Many are well aware of Supreme Court Justice Potter Stewart’s famous line from his concurring opinion in a pivotal case on pornography: “I know it when I see it.” Copy editors are often called the readers’ last line of defense, but I’ve always assigned an additional task to myself when editing: Think dirty before the readers do … because, believe me, they will.
For copy editors at family publications such as the Arkansas Democrat-Gazette (meaning read by all ages), much of the time those directives apply to the offensive in general. Sometimes you just can’t easily categorize it, but you instinctively know that, for the bulk of readers, it will offend.
We obviously can’t keep everything out that might be offensive to someone, because everything has the potential to offend someone, so we have to aim for the middle ground.
Then there are the people who are offended by everything that doesn’t fit with their worldview. Nothing that contradicts that, even proven facts, will suit them. But we at the paper don’t write and edit for them.
In the news sections of the paper, you should find stories that tell the good and the bad, written as completely as possible with the information we have. On the opinion pages, you’ll find, of course, opinion, and ideally across the spectrum. If you want to read only what fits with your view of the world, you can do that, but you’re missing a chance to expand your views and think beyond the echo chamber.
Or you can just be offended that people you don’t agree with are having their voices heard.
So what offends me? Honestly, as the little sister of three older brothers, not much shocks me; I’ve pretty much heard and seen it all (gosh, thanks, guys). I am offended, though, by partisan imaginings of the other side’s reaction to whatever the big news event of the day is … which is seldom the actual reaction. A lot of those imaginings include the phrase “politically correct” … that phrase is a bit offensive to me as a proponent of plain-speaking … which much of what’s complained about actually is, so …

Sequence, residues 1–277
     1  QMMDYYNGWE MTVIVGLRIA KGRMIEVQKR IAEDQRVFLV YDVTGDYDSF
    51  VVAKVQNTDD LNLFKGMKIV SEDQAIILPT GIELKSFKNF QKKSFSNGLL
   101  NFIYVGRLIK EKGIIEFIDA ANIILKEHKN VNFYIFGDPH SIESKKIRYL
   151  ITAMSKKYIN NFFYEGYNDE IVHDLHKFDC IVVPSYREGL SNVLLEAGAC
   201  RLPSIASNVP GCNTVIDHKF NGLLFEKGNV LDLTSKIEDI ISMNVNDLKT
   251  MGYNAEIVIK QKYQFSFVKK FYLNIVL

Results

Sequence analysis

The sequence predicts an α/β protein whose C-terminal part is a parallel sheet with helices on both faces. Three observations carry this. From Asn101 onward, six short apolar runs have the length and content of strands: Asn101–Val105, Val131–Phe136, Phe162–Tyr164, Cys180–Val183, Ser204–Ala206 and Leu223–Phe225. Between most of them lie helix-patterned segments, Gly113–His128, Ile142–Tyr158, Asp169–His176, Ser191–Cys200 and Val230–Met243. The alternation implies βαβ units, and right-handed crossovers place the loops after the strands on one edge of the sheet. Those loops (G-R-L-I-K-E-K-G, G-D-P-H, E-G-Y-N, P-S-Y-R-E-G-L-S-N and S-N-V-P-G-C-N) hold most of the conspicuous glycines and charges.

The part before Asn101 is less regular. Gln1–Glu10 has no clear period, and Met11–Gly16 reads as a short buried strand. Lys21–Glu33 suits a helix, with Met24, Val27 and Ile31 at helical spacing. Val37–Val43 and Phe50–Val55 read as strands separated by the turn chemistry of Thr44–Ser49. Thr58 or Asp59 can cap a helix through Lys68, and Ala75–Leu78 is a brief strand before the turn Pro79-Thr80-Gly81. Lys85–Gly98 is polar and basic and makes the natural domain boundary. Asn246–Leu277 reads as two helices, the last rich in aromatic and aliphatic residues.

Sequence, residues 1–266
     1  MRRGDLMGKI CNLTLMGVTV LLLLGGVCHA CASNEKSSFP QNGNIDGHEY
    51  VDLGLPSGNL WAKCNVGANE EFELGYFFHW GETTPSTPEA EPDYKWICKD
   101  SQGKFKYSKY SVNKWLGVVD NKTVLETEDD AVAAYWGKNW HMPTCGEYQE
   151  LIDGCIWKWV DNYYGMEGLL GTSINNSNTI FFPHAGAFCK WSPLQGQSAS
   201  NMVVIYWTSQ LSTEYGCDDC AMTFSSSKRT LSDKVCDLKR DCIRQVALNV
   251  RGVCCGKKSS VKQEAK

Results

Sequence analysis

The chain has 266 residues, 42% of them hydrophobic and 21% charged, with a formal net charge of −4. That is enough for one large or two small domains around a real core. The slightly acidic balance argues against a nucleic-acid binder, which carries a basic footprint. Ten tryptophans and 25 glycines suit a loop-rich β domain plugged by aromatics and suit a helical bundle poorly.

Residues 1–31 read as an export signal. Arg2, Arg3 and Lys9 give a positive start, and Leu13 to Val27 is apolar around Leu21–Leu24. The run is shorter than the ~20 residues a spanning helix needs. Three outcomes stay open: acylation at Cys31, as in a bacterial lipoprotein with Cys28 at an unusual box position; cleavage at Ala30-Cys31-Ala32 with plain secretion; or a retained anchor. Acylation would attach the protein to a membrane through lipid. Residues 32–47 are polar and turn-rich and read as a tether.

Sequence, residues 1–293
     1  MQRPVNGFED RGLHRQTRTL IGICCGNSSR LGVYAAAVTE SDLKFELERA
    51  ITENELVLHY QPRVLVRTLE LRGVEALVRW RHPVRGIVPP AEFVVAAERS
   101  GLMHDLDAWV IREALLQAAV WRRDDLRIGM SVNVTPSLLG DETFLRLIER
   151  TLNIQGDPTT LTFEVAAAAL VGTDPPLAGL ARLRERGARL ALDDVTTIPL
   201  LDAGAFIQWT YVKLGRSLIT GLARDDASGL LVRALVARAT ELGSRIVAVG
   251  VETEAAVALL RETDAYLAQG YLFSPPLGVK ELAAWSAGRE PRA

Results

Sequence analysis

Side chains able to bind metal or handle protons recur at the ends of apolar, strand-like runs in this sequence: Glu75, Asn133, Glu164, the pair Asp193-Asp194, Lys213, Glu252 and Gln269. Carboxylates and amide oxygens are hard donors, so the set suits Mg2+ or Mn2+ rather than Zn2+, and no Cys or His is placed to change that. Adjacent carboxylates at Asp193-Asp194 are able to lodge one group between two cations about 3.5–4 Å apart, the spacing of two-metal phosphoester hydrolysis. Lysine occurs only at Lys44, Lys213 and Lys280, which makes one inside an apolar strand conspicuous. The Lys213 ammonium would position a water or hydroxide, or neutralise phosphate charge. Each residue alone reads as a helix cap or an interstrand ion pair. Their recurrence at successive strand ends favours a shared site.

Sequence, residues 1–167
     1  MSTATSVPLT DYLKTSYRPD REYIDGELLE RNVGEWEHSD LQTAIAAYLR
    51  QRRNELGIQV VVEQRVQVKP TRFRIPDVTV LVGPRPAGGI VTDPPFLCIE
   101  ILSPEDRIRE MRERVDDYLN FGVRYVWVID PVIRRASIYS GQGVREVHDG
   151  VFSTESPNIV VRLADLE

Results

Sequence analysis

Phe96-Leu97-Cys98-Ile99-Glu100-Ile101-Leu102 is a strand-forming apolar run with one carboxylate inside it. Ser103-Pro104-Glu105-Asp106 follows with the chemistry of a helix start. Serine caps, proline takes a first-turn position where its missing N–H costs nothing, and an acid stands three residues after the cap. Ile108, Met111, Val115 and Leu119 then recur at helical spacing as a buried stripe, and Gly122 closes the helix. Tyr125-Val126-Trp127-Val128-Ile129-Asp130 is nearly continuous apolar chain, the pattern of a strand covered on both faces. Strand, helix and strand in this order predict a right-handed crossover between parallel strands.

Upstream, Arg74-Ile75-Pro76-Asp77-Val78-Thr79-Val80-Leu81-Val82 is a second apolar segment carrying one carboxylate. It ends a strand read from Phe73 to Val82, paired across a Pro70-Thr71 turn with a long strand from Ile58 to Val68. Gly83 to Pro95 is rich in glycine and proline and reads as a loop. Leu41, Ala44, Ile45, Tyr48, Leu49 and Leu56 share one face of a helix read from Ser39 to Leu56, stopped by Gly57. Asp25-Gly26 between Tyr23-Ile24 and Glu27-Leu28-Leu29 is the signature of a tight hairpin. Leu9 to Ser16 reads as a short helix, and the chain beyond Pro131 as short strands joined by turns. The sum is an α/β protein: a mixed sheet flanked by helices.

Why are we so ready to take offense at any and every little thing that might not fit in with what we want the world to be?
Some people are stuck in their partisan camps, unable to see or hear anything that hasn’t been thoroughly vetted by the party/church/whatever. This confirmation bias thus cuts them off from reality. Sure, a lot of the time reality’s not so fun, but avoiding it only serves to feed delusions that things are much worse or better than they actually are. And that just feeds a lot of incivility, and far too many erroneous assumptions about those with whom they disagree.
And that just annoys those of us who choose to live in the real world.
Sadly, partisans on the fringes, especially, see only their tiny world as real, as is evidenced by Facebook and Google+ feeds, newspaper comment boards, and assorted sites generally populated only by the true believers and a few trolls. I’m only on Google+, and don’t check my feed all that much; still, I often have to mute or block the worst offenders (generally those who don’t even pretend to look at the other side).
If you ever want to waste hours of your life, take a look at the sniping that happens online … and yes, one party (or more specifically, an extreme faction of that party) seems to be doing the bulk of the sniping, but no one’s innocent here, especially when it comes to the stereotypes we assign to the opposition, whoever it is.